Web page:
Monday, March 29, 2010

Men Who Hate Women the original title of Steig Larson's The Girl With The Dragon Tattoo, and it suits the book much better. Then again, a title suggesting blatant misogyny is a hard sell, so it's easy to see why the publishers changed it to a more buzz-worthy title. Buzz is still worth something with books, which is one of the reasons I cherish the medium. Games, movies and TV all enjoy million dollar advertising budgets that effectively obliterate the boundaries between buzz and corporate hype. Throw enough commercials and billboards up and people will inevitably talk about your thing, if only to bitch about how over-exposed it is. There is a little of that in literature, but when lots of people talk about a book, particularly the first book in a series, or if you find yourself repeatedly running into people reading said book, chances are it's worth a read. Of course, there are exceptions to every rule.

 Kudos to whoever came up with this cover. It's vibrant and slightly punkish but respectable.

The Girl With The Dragon Tattoo is definitely worth reading, but it's not without it's faults. It's difficult to sum up the premise with a neat one line summary, but the book is a locked-room murder mystery that fleas from conventional characters, situations and plot structures. These are good things, but it takes Larson a long damn time to get to the main story, and the first few chapters are packed with exposition about a financial journalism subplot that bookends the main mystery, and when we do reach the main mystery, there is even more exposition to set it up. Later on, there is even more exposition about legal guardianship in Sweden. His explanations are clear and they make sense, but they need more editing in accordance with the old "less telling, more showing" maxim.

Along similar lines, the two tangentially related plot threads take a long time to intertwine. We know main characters Mikhail Bloomkist and Lisbeth Salander will eventually end up working together from the moment each character is introduced, but they don't team up until the last quarter of the narrative. Consequently, throughout the book I found myself waiting for Larson to get to the point. The constant switching back and forth between perspectives derailed the narrative momentum of the mystery, resulting in an investigation that was remarkably laid-back, low-key and not terribly suspenseful until the end. There may very well be subtleties in play that I am too impatient to notice, but the pacing frustrated me frequently.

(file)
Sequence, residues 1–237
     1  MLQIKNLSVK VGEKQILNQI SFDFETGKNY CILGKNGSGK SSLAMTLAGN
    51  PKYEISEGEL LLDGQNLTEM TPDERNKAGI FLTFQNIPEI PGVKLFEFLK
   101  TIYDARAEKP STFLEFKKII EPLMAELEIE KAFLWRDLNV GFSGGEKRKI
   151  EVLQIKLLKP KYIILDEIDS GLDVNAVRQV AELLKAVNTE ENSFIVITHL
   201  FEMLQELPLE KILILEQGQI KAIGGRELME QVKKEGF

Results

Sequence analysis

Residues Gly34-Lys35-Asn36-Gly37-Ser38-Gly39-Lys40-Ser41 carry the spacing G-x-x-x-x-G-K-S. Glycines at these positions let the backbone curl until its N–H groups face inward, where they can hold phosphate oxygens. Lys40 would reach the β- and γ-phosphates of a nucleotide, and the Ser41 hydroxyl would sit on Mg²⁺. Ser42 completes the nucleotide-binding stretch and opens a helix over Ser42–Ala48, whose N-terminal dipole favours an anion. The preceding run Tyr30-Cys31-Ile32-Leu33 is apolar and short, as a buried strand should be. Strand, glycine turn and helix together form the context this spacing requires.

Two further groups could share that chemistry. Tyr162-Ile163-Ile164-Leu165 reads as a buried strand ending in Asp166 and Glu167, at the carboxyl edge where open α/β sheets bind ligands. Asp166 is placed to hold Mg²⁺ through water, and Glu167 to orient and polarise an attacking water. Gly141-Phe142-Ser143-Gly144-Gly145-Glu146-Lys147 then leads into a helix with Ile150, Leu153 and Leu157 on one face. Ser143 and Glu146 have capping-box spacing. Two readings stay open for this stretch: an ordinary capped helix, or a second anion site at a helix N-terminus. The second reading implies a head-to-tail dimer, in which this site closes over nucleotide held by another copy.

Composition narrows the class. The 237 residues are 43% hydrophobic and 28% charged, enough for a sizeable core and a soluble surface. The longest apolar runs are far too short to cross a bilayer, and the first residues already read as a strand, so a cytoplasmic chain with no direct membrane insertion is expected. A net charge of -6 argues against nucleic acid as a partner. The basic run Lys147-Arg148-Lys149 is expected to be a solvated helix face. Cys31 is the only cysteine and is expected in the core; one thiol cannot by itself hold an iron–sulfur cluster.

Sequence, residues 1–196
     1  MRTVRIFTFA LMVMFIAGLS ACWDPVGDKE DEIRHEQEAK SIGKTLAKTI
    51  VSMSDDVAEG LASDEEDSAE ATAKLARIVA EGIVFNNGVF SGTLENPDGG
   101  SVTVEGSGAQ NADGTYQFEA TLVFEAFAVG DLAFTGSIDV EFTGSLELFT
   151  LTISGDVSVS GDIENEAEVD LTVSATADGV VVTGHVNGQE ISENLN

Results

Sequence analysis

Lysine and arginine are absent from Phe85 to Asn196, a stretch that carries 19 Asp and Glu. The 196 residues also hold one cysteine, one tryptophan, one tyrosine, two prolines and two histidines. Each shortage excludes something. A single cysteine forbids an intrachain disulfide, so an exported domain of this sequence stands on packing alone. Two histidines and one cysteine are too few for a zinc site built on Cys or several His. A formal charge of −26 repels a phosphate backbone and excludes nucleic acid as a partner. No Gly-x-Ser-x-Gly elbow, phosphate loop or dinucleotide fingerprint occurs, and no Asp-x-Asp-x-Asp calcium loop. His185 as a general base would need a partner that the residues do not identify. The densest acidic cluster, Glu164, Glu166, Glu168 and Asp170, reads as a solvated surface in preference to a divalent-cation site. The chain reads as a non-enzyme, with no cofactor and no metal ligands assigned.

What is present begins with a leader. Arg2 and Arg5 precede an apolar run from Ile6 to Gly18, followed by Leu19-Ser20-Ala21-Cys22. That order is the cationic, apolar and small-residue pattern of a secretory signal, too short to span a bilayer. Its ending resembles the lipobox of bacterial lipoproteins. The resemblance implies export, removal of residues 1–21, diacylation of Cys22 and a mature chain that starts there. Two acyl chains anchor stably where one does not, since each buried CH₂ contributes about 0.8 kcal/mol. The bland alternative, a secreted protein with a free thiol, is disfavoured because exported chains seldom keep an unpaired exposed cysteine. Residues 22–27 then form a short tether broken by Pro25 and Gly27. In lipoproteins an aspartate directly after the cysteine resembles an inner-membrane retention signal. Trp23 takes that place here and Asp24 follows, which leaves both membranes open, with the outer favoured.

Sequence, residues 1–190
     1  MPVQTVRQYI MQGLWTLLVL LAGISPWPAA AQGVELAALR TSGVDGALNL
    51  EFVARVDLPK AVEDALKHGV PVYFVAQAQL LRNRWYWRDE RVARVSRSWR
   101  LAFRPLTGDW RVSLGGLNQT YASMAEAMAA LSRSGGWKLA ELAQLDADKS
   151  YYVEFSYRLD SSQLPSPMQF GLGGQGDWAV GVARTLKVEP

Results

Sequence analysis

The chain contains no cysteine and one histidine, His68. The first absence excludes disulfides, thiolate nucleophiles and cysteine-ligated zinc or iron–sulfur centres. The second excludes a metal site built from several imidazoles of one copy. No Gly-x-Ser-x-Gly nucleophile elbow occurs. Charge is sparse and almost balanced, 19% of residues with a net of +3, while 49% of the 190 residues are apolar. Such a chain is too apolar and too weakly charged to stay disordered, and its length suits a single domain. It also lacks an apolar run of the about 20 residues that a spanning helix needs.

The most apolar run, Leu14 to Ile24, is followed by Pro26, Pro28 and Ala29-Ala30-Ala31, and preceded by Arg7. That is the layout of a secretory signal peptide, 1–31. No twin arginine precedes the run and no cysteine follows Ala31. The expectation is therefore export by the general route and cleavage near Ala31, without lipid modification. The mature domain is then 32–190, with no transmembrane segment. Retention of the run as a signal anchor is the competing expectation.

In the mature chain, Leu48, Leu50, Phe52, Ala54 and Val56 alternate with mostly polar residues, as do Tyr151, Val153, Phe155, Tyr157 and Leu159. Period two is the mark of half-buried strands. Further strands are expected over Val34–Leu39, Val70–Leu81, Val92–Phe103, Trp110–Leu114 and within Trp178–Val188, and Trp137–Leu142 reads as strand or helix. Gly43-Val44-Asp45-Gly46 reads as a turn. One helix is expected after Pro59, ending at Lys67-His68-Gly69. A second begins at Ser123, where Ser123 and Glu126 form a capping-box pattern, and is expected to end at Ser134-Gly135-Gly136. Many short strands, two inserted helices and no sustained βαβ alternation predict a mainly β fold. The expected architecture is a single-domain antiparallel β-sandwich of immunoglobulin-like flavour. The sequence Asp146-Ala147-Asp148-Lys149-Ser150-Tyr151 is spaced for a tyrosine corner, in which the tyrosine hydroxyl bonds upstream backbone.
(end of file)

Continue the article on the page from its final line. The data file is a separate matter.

A prettier cover, but much more conventional. The girl doesn't look like the titular heroine either.

It's the characters that really make the story. Mikhail Bloomkist is a charming, intelligent everyman with a uniquely complicated history. In addition to being a disgraced, famous financial journalist, he is a divorced father, an editor, an occasional lover to his magazine's co-owner, and a former soldier, currently working as an informal private eye/biographer. The titular dragon tattooed girl, Lisbeth Salander, is the real crown jewel of the piece, however. She is a laconic, blunt and rebellious hacker/researcher who has been declared incompetent by the government due to her repeated run-ins with the law, and her refusal to emotionally connect with anybody. My greatest complaint of the story is not that so much time is spent in exposition, but that the exposition robs us of time we could be spending with Salander as she hacks computers and takes out bullies with her own brutal brand of justice. Incredibly enough, the secondary and tertiary characters in the novel are comparably well-developed to the main duo. The supporting cast is uniquely likable and believably flawed, while the villains are sick, repellent fucks.

Larson's gift for characterization extends to an ability to create meticulously complicated interpersonal relationships for his characters. Every interaction in the book, from casual business negotiation to rape is credible and realistic. It must be noted that this work has been translated from Swedish to English, and while some credit must be given to translator Steven Murray, the fact that these exchanges can emerge from translation so handsomely is a testament to Larson's ability to convey genuine human emotion.

I don't want to delve too deeply into the specifics of the plot here, seeing how it's a murder mystery, but as I mentioned at the beginning of this post, the original Swedish title of the book is a more accurate portrayal of the novel. The plot accurately portrays the lingering evils of misogyny in society without belaboring the point, and Lisbeth Salander is a sober and compelling modern feminist.

All in all, The Girl With the Dragon Tattoo is a rewarding experience, if a bit slow at times. I haven't seen the Swedish movie adaptation, but I have it on good authority that it is a good watch with dead-on casting. It's also playing in artsy theaters now, so give it a watch if I have intrigued you and you don't like books. In the interest of full disclosure, foreign films frequently contain subtitles, so you may still have to do some reading.

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